The Importance of Synchronicity for Remedying Health Inequities

The past two years were filled with an unimaginable amount of chaos, stress, and uncertainty for the future. The COVID-19 pandemic alone turned the world upside down; this, coupled with the ongoing and widespread stigmatization of marginalized groups, created much disjointment throughout the world and within various communities. The need for powerful entities working for good to enter into alignment with one another, or SYNC up, has never been more urgent.

SYNChronicity 2021, the 8th Annual National Conference for HIV, HCV, STI, and LGBTQ Health, took place on Sept. 21 and Sept. 22 and took aim at addressing a healthcare field that is out of sync. At SYNC 2021, our nation’s public health leaders, service providers, and community organizers spoke on the various ways in which different sectors of society can come together to end the epidemics that impact underserved communities. Among these sectors are entities such as federal and state governments, health service providers, and transgender and LGBTQ health equity advocates, among others. Through each plenary, session, institute, and poster viewing, attendees were given the opportunity to hear nuanced, well-researched perspectives on solutions to ending various epidemics, while engaging with speakers through live Q&As. Despite this conference taking place in a virtual setting, a large emphasis was placed on cultivating connectivity to audiences behind the screen.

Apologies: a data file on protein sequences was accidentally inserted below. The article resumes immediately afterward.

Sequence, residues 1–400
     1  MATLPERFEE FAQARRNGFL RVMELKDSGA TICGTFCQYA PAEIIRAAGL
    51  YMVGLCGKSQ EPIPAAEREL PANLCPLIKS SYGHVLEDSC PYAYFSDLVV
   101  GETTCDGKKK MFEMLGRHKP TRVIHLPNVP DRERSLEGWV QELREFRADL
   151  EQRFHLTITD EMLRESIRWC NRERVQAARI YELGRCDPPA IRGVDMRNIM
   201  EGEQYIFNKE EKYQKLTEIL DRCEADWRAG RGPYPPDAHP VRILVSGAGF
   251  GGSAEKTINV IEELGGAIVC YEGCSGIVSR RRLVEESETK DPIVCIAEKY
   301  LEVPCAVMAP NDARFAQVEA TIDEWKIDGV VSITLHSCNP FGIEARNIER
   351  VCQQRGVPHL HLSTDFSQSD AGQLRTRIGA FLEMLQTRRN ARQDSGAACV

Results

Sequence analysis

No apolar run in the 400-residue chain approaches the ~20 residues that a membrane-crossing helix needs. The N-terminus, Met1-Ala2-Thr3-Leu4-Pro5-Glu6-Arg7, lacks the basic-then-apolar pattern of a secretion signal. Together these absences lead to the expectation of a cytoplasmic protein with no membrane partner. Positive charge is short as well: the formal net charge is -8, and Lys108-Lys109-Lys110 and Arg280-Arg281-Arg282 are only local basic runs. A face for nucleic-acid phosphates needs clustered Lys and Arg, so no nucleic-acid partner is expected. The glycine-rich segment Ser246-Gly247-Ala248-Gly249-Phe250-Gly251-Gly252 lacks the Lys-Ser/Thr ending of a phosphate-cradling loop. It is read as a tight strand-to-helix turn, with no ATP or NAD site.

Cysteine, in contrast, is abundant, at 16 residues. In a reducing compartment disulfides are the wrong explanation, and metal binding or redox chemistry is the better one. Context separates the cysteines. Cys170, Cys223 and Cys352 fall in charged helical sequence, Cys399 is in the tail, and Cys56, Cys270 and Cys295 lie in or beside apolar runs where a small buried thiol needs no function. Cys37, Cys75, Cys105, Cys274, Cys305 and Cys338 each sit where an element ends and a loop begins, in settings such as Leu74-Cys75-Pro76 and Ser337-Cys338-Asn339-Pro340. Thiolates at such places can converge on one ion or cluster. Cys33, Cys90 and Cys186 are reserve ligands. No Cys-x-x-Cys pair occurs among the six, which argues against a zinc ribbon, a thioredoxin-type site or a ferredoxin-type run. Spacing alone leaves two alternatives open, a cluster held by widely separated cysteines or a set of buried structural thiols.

The importance of synchronicity aligns itself closely with Kimberlé Crenshaw’s theory on intersectionality, which states that various identities and social categorizations often coincide, consolidating an overlapping yet unique experience with prejudice and discrimination. Synchronicity relates to intersectionality in the sense that syncing, too, entails the coalescence of various factors and entities to create a unique experience. The difference is, where intersectionality serves as an explanation for these occurrences, synchronization serves as a potential solution. 

As a proponent of this idea, I was extremely excited to enter the sessions of SYNC 2021, particularly those that addressed the nuances of uplifting diverse identities. The session on Black women’s health equity, for example, addressed the struggles that Black women face in receiving proper treatment in healthcare facilities. Social determinants such as socioeconomic status, age, and geographic location tend to negatively impact the quality of care that Black women receive, with 39% of respondents reporting that they were treated rudely by staff.

In the plenary entitled “SYNCing to End the Epidemics Through Community,” DeMarc Hickson of Us Helping Us, People Into Living discussed the importance of tailoring one’s approach in addressing an issue to the affected community; in this case, Us Helping Us uses a DC-Maryland-Virginia perspective, particularly that of Black men, to address the HIV epidemic among Black men.

Although the different sessions all address different issues, they each acknowledged the way in which different identities affect how one navigates society and healthcare. This commonality must ultimately serve as the foundation of any effort to address inequities, remedy injustices, or in this case, end epidemics.

The entire SYNChronicity conference can be screened on-demand at, and any individual with even an ounce of care for changing this world for the better should certainly tune in. To sync is to become one, and in a world that has been long-disjointed, this feat is more than necessary.

About the Author
Cory Utsey

Cory Utsey (she/her) is a Communications Intern for HealthHIV and a writer studying journalism at Howard University. With interests in social justice, equity, and entertainment, she aims to uplift the voices, stories, and experiences of underserved communities.